Every team had good athletes but there weren’t as many good coaches.
“If you had good athletes and were a good coach you could make hay because it wasn’t as competitive,” Neuberger said. “Athletes with polish always beat athletes without.”
In the 1980s, as club volleyball began to grow in popularity, the quality of volleyball being played in Oregon went up a notch.
“More athletes began specializing in one sport,” noted Central Catholic head coach Rick Lorenz, the winningest coach in state history.
“We played every sport that came along back in the day,” said Lopez, who also played basketball at USC. “Volleyball is like golf; it’s a game of precision. The more you practice the better off you’re going to be. Players today have better skills because they play year round.”
“The ball control is better now because of the amount of volleyball the athletes are playing,” added Melanie Hambelton, the longtime head coach at Concordia University who starred for Estacada in the 70s. “The athletes are bigger, too, so there's a lot more power within the game.”
“The biggest change for me over the years has been the growth in parity among teams,” noted Lorenz, whose Ram team was upset in the 6A quarterfinals yesterday afternoon. “There used to be 3-4 teams that could win it all. Now there might be six or seven.”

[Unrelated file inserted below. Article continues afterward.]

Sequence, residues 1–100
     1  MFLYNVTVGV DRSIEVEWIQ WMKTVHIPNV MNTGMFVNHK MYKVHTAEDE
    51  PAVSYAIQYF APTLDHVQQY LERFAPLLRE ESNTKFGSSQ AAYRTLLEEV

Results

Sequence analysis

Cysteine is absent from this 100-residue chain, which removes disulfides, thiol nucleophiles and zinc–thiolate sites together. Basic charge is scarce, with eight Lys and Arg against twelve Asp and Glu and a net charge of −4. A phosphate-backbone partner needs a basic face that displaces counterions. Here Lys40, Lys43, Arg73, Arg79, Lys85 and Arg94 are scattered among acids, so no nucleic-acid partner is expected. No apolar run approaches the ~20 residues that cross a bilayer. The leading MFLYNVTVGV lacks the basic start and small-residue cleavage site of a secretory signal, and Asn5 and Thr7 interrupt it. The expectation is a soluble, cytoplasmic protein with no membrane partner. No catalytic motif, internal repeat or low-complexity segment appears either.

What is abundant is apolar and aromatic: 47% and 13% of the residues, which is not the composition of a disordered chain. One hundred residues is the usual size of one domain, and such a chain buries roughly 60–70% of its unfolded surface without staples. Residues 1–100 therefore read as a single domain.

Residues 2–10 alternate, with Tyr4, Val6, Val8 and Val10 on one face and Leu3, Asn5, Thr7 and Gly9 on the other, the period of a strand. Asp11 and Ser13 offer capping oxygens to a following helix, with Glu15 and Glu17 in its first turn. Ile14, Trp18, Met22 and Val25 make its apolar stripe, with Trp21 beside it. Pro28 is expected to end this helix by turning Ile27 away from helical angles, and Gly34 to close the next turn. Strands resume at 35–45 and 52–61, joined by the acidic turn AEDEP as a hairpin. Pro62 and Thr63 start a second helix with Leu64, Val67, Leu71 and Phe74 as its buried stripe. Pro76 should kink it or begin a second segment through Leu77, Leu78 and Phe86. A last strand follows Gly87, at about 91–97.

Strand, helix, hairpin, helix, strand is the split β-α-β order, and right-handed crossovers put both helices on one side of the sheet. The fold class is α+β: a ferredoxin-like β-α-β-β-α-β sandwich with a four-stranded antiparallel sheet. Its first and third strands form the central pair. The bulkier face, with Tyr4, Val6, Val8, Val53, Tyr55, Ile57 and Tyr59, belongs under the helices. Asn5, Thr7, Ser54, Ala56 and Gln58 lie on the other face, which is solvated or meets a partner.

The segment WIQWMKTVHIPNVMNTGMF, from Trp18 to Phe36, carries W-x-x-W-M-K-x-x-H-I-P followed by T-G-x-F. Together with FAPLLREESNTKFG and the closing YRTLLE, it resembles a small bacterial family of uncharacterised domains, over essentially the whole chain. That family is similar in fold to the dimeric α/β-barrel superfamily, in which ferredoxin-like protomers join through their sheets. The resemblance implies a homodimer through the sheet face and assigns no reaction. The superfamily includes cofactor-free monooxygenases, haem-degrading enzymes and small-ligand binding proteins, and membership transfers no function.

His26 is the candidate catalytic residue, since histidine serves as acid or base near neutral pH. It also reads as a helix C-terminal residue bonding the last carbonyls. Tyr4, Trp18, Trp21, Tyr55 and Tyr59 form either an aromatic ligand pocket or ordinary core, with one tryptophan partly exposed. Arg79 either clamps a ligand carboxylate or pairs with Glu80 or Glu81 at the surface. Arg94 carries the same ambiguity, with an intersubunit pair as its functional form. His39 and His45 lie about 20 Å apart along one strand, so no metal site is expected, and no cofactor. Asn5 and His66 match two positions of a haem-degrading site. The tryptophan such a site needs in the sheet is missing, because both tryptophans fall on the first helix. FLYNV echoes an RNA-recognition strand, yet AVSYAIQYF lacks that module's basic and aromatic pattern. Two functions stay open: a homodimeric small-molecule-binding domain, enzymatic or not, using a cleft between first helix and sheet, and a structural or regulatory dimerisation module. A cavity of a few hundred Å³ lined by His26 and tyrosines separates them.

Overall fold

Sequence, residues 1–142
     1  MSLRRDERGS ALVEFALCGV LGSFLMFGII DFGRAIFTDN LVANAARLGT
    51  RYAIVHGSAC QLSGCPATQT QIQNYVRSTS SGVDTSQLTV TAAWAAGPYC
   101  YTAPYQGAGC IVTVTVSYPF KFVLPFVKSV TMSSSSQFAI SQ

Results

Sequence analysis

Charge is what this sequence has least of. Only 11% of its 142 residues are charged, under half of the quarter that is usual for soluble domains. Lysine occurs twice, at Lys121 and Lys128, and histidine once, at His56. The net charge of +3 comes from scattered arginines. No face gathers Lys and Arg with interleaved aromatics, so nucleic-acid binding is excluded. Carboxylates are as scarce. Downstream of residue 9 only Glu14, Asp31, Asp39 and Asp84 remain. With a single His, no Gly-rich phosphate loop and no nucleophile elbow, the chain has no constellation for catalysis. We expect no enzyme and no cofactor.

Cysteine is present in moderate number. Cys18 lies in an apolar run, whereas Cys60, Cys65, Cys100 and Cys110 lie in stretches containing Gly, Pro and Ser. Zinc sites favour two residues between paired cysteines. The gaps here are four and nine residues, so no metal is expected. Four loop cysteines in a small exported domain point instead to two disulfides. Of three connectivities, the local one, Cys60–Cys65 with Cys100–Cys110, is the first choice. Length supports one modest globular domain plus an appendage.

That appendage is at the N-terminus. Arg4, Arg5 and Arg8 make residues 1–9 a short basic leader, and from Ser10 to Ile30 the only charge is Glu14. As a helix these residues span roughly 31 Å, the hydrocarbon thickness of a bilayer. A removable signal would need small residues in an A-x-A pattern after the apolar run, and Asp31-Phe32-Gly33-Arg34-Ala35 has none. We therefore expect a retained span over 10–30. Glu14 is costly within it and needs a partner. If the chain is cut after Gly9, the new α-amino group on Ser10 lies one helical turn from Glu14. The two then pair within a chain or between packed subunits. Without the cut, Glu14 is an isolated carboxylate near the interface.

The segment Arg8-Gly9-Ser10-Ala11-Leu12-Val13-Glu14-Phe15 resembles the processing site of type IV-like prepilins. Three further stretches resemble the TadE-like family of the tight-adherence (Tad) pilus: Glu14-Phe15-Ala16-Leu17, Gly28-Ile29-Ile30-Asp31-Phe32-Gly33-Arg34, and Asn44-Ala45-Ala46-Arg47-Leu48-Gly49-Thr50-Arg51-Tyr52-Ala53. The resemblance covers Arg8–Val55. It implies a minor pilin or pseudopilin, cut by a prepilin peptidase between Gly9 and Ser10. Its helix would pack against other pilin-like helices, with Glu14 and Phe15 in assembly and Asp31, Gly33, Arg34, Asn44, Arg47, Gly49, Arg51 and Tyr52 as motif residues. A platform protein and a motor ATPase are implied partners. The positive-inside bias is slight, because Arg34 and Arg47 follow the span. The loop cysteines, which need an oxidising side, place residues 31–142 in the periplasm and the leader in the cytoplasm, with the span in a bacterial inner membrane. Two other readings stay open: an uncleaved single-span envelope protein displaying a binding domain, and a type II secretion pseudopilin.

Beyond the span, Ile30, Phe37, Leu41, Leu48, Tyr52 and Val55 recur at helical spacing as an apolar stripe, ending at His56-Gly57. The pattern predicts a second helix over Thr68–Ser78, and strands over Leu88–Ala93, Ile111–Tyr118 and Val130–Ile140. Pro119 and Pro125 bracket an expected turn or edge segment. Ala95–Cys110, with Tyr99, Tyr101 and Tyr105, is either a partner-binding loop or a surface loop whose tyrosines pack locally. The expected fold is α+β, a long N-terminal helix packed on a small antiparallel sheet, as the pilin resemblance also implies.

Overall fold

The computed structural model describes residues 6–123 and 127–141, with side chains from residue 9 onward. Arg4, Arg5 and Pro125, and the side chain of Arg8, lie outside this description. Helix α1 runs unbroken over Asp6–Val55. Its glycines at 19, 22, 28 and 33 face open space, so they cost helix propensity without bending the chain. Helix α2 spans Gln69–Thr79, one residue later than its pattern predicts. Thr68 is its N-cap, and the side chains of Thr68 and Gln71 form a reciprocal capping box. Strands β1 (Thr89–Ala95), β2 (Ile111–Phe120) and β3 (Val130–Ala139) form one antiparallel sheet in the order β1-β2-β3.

“There are so many more athletes playing volleyball year round so it's much more competitive statewide,” added Hambleton. “When I played at Estacada I was playing year round because we had a great club program called the LOCOS and we traveled everywhere to play a lot of volleyball. There weren't a lot of high school athletes doing that so we had a definite advantage.”
“There were always athletes but the number and quality have improved because of out-of-season opportunities that help them develop,” Neuberger said. “Overall the game is better because the depth is better.”
This evening in 6A, Jesuit, the only nationally-ranked team in Oregon, will try to win its fourth state title since 2012. The Crusaders field a roster with six players standing six-feet tall or taller. All play but a few play club volleyball. None plays basketball for Jesuit or any other winter sport.
Volleyball has changed since that first OSAA state tournament in 1974. The rules are different, the strategies more sophisticated, the benches deeper with athletes specializing in the sport.
One thing that hasn’t changed, however, is the love of the game. It has been one constant for at least the past 45 years.
“I loved my time playing volleyball back in the 70s and I'm grateful for the opportunities in life that volleyball has given me,” said Hambelton. “I was able to get a college degree because of this sport and I'm still involved in this game that I love. It's hard to believe it's been a part of my life for 44 years!”